We make only one point in this article. Every quantitative study must be able to answer the question: what is your estimand? The estimand is the target quantity---the purpose of the statistical analysis. Much attention is already placed on how to do estimation; a similar degree of care should be given to defining the thing we are estimating. We advocate that authors state the central quantity of each analysis---the theoretical estimand---in precise terms that exist outside of any statistical model. In our framework, researchers do three things: (1) set a theoretical estimand, clearly connecting this quantity to theory, (2) link to an empirical estimand, which is informative about the theoretical estimand under some identification assumptions, and (3) learn from data. Adding precise estimands to research practice expands the space of theoretical questions, clarifies how evidence can speak to those questions, and unlocks new tools for estimation. By grounding all three steps in a precise statement of the target quantity, our framework connects statistical evidence to theory.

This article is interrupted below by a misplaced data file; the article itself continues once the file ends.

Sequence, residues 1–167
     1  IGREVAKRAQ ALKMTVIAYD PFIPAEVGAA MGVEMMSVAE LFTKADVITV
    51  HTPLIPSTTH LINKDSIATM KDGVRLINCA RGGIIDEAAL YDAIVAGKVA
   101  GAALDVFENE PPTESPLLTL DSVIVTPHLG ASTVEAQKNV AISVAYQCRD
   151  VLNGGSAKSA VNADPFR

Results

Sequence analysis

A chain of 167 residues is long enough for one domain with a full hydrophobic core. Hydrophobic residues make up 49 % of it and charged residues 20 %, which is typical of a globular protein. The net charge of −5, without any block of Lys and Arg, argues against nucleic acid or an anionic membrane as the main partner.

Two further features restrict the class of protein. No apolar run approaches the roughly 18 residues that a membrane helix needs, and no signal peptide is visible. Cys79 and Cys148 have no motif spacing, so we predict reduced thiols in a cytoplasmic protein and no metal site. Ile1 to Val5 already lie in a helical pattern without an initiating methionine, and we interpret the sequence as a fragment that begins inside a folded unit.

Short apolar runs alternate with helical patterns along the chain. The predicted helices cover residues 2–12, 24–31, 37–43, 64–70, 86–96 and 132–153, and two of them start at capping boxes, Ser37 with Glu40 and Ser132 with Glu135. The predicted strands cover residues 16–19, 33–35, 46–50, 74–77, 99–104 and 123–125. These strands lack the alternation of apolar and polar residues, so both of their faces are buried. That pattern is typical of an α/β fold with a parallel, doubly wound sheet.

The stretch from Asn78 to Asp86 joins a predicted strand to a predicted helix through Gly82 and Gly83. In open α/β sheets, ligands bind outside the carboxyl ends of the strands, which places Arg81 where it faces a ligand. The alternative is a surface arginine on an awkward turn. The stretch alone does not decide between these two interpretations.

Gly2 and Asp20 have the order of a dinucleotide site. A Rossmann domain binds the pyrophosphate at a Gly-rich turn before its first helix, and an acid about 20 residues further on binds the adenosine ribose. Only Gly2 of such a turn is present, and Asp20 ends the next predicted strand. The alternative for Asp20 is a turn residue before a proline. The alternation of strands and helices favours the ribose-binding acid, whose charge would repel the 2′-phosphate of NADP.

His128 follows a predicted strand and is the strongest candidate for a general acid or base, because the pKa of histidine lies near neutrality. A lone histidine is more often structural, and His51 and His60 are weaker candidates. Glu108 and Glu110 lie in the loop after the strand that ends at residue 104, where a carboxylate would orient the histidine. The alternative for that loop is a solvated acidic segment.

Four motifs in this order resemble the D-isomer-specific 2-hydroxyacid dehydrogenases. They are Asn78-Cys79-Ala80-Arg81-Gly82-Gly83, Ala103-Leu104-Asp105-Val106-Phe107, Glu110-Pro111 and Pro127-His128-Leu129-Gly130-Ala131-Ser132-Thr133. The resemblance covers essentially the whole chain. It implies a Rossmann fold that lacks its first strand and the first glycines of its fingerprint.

Lundberg, Ian, Sarah L. Gold, Louis Donnelly, Jeanne Brooks-Gunn, and Sara S. McLanahan. 2021. “Government assistance protects low-income families from eviction.” Journal of Policy Analysis and Management. [open access] [replication]
America faces an affordable housing crisis. Eviction is alarmingly common. Public policies can help.
A lack of affordable housing is a pressing issue for many low-income American families and can lead to eviction from their homes. Housing assistance programs to address this problem include public housing and other assistance, including vouchers, through which a government agency offsets the cost of private market housing. This paper assesses whether the receipt of either category of assistance reduces the probability that a family will be evicted from their home in the subsequent six years. Because no randomized trial has assessed these effects, we use observational data and formalize the conditions under which a causal interpretation is warranted. Families living in public housing experience less eviction conditional on pre-treatment variables. We argue that this evidence points toward a causal conclusion that assistance, particularly public housing, protects families from eviction.